Brian Leiter's law faculty citation analysis is meeting plenty of resistance, to which Brian ably responds. As usual, Paul Caron has all of the links, including a link to a paper that Paul and Bernie Black wrote about using SSRN to rank law schools. According to Paul and Bernie, "citation counts are a respectable proxy for article quality, and correlate reasonably well with other measures." But, of course, "citation counts have limitations," which Paul summarizes in some handy bullet points on his blog. In looking at Brian's rankings in the area of business law, the most obvious "limitation" -- if you want to think of it that way -- is the following:
Dynamism. Cumulative citation counts favor more senior faculty and emphasize older work that accumulates citations over time.
That's inherent in counting citations, which typically start to appear in large numbers only years after an article is published. Of course, this is why Steve Bainbridge can crow about being the only person under 50 among the top 20 most cited faculty in business law.
But this "limitation" is also the strength of citation counts. At least in business law, Brian's rankings capture (mostly) scholars who have been productive for a long period of time. I see no one-hit wonders on the list. If you want a ranking of what's hot, try the SSRN rankings.
Finally, I was intrigued by Mary Dudziak's criticisms (here and here) of the rankings on the Legal History Blog. The gist of her criticisms is this: "The study is confined to the Westlaw JLR database which only includes legal publications." This objection intrigued me because it was one of the oft-voiced complaints about citation counts at Wisconsin, where many of the faculty produce interdisciplinary scholarship. Brian's response is both simple and persuasive: my rankings don't measure the effect of scholarship on disciplines outside of law. I would add something that Brian doesn't say (at least in this response): if you want to measure interdisciplinary impact, create your own rankings!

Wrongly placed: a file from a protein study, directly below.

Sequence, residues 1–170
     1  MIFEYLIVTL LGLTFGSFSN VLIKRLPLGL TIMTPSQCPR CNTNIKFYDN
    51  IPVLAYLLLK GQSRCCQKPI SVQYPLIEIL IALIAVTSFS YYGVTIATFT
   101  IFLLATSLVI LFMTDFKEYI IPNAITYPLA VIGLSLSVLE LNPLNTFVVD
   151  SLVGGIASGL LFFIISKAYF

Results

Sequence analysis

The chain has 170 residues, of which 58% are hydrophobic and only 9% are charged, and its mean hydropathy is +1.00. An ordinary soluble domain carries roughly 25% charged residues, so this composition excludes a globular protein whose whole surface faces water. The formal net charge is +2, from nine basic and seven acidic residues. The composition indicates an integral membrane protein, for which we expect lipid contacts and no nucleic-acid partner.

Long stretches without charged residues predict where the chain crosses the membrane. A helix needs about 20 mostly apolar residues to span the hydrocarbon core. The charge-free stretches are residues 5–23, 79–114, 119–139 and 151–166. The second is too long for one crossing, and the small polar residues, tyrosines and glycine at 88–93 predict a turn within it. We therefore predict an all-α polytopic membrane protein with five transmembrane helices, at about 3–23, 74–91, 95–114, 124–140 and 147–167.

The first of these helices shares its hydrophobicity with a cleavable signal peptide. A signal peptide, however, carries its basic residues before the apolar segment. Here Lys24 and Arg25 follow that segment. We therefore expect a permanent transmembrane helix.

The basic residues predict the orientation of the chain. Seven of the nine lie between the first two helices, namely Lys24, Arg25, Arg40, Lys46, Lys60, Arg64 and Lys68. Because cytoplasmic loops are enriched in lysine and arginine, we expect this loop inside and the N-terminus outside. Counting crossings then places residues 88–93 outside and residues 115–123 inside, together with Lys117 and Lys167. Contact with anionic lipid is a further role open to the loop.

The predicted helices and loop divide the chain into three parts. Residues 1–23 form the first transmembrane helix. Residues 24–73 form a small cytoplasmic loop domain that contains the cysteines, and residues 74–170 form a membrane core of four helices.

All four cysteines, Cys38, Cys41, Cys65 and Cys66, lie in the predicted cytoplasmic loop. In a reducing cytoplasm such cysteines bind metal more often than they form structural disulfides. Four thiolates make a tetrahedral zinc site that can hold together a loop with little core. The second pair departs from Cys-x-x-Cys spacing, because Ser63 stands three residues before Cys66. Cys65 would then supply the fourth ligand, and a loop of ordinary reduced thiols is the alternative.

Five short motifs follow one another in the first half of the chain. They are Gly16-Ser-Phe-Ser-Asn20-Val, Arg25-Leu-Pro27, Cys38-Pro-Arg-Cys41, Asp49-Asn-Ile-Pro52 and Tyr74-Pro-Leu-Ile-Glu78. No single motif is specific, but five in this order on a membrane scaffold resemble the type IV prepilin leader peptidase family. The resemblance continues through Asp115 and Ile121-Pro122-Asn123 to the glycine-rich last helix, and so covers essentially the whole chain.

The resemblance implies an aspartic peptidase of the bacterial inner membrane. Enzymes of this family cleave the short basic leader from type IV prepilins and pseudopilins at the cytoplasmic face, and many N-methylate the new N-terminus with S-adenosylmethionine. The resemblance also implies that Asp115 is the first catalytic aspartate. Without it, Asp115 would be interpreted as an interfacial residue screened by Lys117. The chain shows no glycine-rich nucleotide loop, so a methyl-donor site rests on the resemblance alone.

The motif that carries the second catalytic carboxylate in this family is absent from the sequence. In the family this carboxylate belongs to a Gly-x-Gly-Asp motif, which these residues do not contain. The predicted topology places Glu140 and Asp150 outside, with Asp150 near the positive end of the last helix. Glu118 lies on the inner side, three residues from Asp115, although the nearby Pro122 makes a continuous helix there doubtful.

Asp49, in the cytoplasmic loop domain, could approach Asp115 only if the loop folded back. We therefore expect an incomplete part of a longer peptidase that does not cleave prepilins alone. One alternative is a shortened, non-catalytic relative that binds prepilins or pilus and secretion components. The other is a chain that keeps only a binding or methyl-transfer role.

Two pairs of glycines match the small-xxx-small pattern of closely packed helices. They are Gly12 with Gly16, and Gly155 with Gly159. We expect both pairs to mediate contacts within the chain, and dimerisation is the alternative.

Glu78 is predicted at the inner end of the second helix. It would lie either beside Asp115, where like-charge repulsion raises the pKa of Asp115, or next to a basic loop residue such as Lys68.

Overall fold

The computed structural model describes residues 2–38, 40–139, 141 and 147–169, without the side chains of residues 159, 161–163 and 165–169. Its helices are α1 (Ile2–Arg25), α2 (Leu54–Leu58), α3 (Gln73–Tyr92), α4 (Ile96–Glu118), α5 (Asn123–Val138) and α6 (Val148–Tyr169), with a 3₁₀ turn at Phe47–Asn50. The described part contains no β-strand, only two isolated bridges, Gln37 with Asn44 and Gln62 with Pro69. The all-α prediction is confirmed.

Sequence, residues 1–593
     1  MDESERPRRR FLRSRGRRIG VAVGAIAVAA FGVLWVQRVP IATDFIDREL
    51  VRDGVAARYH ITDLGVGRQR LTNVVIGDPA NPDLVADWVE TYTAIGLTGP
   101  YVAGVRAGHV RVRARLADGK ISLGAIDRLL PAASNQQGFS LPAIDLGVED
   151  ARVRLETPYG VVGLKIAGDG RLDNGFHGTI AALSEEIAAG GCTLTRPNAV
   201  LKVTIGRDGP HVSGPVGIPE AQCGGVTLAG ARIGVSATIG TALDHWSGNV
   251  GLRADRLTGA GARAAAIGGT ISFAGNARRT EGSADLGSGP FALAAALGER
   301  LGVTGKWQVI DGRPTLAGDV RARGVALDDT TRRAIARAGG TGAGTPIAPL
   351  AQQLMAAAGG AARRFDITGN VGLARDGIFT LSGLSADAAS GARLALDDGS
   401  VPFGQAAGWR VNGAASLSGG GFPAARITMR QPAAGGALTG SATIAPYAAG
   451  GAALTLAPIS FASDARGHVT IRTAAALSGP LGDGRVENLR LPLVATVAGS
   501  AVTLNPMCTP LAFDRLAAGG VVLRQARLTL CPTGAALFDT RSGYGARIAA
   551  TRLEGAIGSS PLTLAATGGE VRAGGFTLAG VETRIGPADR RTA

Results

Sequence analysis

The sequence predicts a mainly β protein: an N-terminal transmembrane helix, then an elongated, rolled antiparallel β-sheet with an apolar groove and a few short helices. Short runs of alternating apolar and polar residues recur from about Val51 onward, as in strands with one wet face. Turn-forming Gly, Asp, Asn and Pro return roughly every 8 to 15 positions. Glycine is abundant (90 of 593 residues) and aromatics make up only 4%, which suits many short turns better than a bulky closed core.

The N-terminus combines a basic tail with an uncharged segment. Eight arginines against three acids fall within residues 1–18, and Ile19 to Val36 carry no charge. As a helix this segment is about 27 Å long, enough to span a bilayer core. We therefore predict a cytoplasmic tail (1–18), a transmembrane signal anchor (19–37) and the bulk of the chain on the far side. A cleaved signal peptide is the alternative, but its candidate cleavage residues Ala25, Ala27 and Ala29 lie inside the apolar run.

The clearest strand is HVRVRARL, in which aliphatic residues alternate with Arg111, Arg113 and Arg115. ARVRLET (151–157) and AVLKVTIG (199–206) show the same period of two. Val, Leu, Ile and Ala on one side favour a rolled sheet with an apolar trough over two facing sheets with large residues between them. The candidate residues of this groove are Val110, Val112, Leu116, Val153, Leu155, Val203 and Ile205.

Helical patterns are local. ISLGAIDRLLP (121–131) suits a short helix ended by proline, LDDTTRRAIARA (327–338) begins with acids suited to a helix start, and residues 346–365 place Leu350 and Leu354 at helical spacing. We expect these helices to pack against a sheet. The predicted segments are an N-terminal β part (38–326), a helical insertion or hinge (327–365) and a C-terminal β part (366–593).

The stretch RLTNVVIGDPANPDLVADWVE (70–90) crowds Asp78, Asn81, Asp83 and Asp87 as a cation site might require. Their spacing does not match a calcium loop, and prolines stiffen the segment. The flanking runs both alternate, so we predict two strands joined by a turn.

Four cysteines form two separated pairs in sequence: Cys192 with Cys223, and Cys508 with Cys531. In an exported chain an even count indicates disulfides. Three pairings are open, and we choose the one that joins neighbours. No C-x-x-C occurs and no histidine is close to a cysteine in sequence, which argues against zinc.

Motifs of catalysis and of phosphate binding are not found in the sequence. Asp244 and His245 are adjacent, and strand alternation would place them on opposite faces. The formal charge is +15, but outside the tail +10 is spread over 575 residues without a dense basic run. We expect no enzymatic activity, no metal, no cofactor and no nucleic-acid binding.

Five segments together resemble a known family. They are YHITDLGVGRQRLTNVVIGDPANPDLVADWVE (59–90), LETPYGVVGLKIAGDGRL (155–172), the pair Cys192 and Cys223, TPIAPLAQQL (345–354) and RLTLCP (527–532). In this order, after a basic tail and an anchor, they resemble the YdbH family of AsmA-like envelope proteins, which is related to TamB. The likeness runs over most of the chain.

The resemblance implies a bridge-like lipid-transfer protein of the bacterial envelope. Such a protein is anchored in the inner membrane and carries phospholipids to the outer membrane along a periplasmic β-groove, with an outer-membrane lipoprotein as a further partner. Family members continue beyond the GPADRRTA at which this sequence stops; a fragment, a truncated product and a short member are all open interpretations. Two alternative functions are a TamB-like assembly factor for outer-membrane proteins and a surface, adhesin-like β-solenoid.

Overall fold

Last I heard, this suggestion was not lost on the folks in Wisconsin. Such a ranking would be a welcome addition to the rankings universe.
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1. Posted by Mary L. Dudziak on November 29, 2007 @ 6:48 | Permalink
Thanks for picking up on this discussion. Just a note regarding your comment: "if you want to measure interdisciplinary impact, create your own rankings!"
As my posts make clear, citations rankings will always be flawed because they favor certain topics. In history, scholars in larger fields (e.g. American legal history) will always received more citations to their work than equally eminent scholars in smaller fields (European and Asian legal history and medievalists). The solution is not to proliferate rankings. Instead, if you want to rank *schools*, go ahead. But don't rank *people*. There are too many flaws in individual rankings and, as my blog notes, too many ways that these rankings can be misused.